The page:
Q fever knowledge and follow-up practices of northern Australian rural general practitioners

Q fever knowledge and follow-up practices of northern Australian rural general practitioners Conference Paper

15th National Rural Health Conference: Better together!

  • Author(s): Hollins, Aaron, Abernethy, Gail, Smyth, Wendy, Ray, Robin, Harte, Jane
  • Secondary Author(s): Coleman, Leanne
  • Published: 2019

Abstract: Introduction: The causative agent of Q fever, Coxiella burnetti, is found in a wide variety of animals and does not require direct animal-to-human contact for infection. Q fever is contracted by inhaling contaminated dust particles or bacteria shed from infected animals. Q fever has traditionally been associated with rural workers in primary production, abattoirs and veterinary occupations; however cases linked to non-traditional sources are increasingly reported. The diversity of clinical symptoms and range of severity at presentation often leads to Q fever being misdiagnosed or not reported. Early identification, appropriate treatment and follow-up following acute Q fever are essential for the health and wellbeing of patients. Serious long-term complications occur in 5% of all acute Q fever cases yet there is no Australian guideline or global consensus on what follow-up should be provided to patients. Aim: This study explored the knowledge of Q fever, Q fever vaccination and usual clinical follow-up practices among rural general practitioners. Relevance: Rural practitioners are likely to have patients present with Q fever and assume responsibility for managing their short and long-term care. However there is little known about Australian rural general practitioners’ knowledge of Q fever and Q fever vaccination. Method: Far North Queensland rural general practitioners were invited to complete an anonymous survey either online or in hard copy. Descriptive analysis about knowledge of Q fever, recommendations for vaccination, post graduate education on Q fever and follow up practices was undertaken (IBM SPSSv22) on 16 responses (16/52, 31% response rate). Results: Nearly all respondents were aware of the traditional sources (contaminated livestock and soil) of Q fever and at-risk occupations (farmers, veterinarians, abattoir workers) requiring vaccination. Less obvious sources of infection (wildlife and domestic pets) were not as well recognized. Most respondents would consult with an Infectious Disease or Public Health colleague. Appropriate follow-up practices were described by a small number of respondents: treatment with doxycycline (n=4), follow-up over a period longer than one year (n=2), specific cardiac follow-up (n=3). Conclusion: This study identified a range of self-reported usual clinical practice and follow-up (if any) of Q fever cases by rural general practitioners, including consultation with a specialist. The lack of consensus found in this study reflects differing opinions about the best practice of Q fever management. These results further highlight the need for the development of evidence-based Q fever management guidelines.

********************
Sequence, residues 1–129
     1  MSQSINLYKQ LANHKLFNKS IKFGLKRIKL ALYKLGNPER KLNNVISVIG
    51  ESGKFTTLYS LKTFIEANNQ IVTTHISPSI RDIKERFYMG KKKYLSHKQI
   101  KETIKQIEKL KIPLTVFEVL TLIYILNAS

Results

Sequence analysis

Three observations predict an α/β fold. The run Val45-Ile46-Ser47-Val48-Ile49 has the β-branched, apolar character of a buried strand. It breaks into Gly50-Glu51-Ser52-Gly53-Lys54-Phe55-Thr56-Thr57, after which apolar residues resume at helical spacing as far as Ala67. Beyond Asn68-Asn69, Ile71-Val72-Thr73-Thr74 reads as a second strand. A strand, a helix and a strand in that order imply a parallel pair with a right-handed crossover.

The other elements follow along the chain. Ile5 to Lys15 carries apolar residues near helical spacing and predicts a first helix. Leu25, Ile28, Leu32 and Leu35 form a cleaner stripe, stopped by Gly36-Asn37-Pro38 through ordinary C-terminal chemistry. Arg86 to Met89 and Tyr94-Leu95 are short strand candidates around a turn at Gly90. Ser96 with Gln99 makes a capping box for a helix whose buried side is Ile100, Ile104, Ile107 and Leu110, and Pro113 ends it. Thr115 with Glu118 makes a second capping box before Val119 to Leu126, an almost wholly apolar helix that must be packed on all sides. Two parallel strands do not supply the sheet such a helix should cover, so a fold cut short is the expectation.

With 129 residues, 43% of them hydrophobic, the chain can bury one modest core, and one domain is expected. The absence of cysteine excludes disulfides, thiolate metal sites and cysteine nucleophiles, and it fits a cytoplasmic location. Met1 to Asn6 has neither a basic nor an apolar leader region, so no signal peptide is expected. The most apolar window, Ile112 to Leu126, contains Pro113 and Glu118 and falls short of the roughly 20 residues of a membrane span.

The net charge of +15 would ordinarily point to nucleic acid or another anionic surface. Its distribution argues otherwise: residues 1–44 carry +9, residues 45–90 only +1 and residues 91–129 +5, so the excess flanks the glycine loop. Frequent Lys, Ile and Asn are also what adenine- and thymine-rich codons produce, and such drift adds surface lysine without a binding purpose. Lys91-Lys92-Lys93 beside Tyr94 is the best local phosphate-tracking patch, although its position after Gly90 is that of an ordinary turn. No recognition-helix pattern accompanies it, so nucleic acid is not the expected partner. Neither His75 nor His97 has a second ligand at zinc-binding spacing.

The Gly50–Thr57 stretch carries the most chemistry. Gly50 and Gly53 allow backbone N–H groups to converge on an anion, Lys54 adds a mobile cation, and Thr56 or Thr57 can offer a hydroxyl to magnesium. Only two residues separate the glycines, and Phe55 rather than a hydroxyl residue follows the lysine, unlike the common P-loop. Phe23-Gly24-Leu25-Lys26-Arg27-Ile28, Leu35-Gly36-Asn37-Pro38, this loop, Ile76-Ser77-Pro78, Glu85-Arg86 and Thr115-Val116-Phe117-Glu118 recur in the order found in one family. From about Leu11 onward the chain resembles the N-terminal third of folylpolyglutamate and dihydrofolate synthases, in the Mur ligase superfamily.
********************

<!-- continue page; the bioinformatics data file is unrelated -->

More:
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Hollins, Aaron, Abernethy, Gail, Smyth, Wendy, Ray, Robin, Harte, Jane, 2019, Q fever knowledge and follow-up practices of northern Australian rural general practitioners, Conference Paper, viewed 24 February 2020, https://www.nintione.com.au/?p=15810.

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